Sub-saharan africa and the tobac-co epidemic

In Sub-Saharan Africa the patterns of tobacco consumption vary widely, both between and within countries24. Despite this heterogeneity, the prevalences of tobacco use, as well as the amounts consumed, are usually higher among men, irrespective of age and ethnicity24, and cigarette smoking is increasing among women25.The sales of tobacco products to women in developing countries represent one of the largest product marketing opportunities for the tobacco industry26.Among men,the highest prevalences of tobacco consumption were observed among Coloured males in South Africa (79%)27 and the lowest in Nigerian undergraduate students (9%)28. In women, the highest prevalences were recorded among Luo Kenyans (67%)29 and the lowest among Nigerian general medical patients (0.3%)30. Nationwide data from 14 SubSaharan African countries31 showed cigarette smoking prevalences ranging from8.0%inNigeriato27.3%in Madagascar, among men, and between 0.1% in Ghana and 5.9% in Namibia, among women.

Studies addressing urban/rural differences showed tobacco product-specific patterns24, with urban dwellers more likely to be cigarette smokers while subjects living in rural areas were more often consumers of other forms of tobacco that are more accessible in these settings31,32. The prevalence of consumption of smokeless tobacco and hand-rolled cigarettes, is highest in Lesotho, Madagascar, Mozambique, Namibia and Zambia, ranging from 10.4% to 25.1%, and lowest (below 2%) in Ghana, Nigeria, Ethiopia, Kenya, Zimbabwe, and Tanzania31 .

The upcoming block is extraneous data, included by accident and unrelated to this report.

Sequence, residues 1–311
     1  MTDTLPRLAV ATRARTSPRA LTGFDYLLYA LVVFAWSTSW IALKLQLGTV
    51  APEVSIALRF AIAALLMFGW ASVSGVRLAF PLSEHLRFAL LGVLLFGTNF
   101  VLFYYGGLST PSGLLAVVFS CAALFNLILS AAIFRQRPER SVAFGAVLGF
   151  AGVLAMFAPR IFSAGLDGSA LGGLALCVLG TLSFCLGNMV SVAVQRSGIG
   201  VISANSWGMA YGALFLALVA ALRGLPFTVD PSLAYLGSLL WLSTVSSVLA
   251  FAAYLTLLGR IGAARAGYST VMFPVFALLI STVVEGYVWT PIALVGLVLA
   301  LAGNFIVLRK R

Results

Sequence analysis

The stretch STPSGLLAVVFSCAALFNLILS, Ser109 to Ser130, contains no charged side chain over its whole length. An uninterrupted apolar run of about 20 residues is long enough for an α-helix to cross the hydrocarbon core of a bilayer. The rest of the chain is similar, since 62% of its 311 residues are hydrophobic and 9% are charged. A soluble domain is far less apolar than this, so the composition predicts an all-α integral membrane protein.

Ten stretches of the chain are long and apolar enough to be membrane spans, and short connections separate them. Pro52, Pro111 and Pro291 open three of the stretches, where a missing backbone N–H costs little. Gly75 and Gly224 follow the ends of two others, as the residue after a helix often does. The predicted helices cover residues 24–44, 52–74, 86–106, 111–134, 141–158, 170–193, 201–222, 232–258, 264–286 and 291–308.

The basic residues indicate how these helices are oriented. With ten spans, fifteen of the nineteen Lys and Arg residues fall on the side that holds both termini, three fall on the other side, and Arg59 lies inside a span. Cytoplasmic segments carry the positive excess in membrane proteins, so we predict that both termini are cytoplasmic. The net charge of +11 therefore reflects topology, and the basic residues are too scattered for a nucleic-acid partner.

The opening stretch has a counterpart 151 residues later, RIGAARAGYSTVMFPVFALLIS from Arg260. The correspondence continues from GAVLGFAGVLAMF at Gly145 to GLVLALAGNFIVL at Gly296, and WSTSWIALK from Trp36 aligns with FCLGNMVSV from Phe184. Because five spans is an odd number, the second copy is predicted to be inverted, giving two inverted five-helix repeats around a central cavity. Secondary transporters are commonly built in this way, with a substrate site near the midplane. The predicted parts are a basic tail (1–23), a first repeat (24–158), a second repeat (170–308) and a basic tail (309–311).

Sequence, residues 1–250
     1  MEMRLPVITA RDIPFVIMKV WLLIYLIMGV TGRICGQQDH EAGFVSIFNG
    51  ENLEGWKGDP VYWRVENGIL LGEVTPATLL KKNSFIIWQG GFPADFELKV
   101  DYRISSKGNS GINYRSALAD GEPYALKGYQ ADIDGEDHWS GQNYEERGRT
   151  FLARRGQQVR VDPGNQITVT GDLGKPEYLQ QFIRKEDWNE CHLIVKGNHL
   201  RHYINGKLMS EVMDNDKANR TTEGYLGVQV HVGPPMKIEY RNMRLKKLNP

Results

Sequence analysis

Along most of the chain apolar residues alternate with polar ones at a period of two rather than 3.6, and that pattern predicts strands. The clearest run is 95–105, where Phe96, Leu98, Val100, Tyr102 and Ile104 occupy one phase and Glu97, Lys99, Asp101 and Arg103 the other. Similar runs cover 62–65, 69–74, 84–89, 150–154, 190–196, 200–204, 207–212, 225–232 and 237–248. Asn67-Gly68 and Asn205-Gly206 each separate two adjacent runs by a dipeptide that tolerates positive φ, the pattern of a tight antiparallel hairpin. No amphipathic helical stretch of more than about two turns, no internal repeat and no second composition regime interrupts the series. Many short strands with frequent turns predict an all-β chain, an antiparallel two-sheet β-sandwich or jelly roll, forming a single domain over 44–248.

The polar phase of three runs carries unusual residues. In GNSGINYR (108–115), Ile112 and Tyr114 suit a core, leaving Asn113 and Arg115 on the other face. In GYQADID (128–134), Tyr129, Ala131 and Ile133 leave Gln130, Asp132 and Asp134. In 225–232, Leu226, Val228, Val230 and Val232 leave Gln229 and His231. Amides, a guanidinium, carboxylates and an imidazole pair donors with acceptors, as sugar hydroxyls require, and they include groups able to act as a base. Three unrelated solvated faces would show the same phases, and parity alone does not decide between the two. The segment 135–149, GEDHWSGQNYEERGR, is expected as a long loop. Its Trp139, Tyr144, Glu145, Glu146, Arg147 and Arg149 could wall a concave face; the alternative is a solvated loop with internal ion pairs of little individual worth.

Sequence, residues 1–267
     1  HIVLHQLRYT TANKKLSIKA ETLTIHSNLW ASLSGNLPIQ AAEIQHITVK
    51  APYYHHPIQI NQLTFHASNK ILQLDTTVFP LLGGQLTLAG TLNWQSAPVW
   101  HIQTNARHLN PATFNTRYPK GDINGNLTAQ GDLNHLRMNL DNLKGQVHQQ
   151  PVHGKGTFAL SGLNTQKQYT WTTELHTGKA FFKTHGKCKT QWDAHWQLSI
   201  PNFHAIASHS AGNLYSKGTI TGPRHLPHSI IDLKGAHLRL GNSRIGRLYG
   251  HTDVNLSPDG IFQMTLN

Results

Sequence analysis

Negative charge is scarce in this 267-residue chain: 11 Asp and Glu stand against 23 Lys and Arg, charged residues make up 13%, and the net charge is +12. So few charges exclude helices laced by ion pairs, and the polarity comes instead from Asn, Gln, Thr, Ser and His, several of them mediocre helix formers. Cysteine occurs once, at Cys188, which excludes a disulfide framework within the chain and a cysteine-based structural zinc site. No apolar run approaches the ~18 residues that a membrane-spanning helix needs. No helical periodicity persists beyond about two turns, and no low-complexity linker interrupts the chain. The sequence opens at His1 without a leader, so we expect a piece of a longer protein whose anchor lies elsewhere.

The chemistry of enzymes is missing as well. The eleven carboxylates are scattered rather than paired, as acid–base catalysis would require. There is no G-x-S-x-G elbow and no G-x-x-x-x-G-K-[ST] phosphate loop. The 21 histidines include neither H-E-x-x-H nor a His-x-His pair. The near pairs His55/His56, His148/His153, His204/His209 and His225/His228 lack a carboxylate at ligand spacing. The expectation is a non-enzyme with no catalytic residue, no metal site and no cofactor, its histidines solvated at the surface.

Although the morbidity and mortality burden resulting from smokeless tobacco consumption is expectedly lower, in some African populations the use of traditional forms of tobacco may account for a large proportion of the overall consumption21. This raises concerns regarding the potential for the shift towards manufactured cigarette smoking and a steep increase in consumption, fueled by urbanization and increasing income. A recent report from a study conducted in Mozambique33, showed that the prevalence of tobacco consumption among the urban Maputo City inhabitants varied with the place of birth; those born in predominantly rural provinces depicted a pattern of consumption in between the observed in Maputo City and their provinces of origin.The rural-to-urban migration is an important demographic phenomenon in Sub-Saharan Africa, as the estimates of 35% of the population living in urban areas in 2005 are expected to rise to 61% in 205034. This rural-urban shift will contribute to a faster transition through the stages of the tobacco epidemic than has been observed in the higher-income countries, making smoking more accessible during the early stages of the epidemiological transition that the region is currently undergoing.

According to the social diffusion theory35, cigarette smoking would first be experimented by highly educated and affluent people and subsequently difuse to members of less privileged classes, but a clear and consistent relation between socioeconomic status and tobacco use has not been observed in Sub-Saharan Africa24.In these settings,traditional forms of tobacco were used centuries before the arrival of western tobacco products, partly explaining why the historical pattern of tobacco diffusion in high-income nations at advanced stages of the tobacco epidemic does not provide a model to understand the current consumption patterns in Sub-Saharan countries36 .

In conclusion, the widespread diffusion of cigarette smoking to developing settings will expectedly exacerbate worldwide health disparities between nations, leading to an increasing burden of non-communicable diseases in countries still facing a high burden due to communicable diseases and to maternal, perinatal, and nutritional conditions. The specific patterns of tobacco consumption, by gender, type of tobacco product and degree of urbanization, pose different challenges to tobacco control. The understanding of the extent, as well as the social, cultural and economical distribution of the problem in Sub-Saharan Africa is essential to develop and monitor locale-specific control strategies.



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Carla Araújo

Serviço de Higiene e Epidemiologia Faculdade de Medicina da Universidade do Porto. Alameda Prof. Hernâni Monteiro Hospital de São João 4200-319 Porto. Email: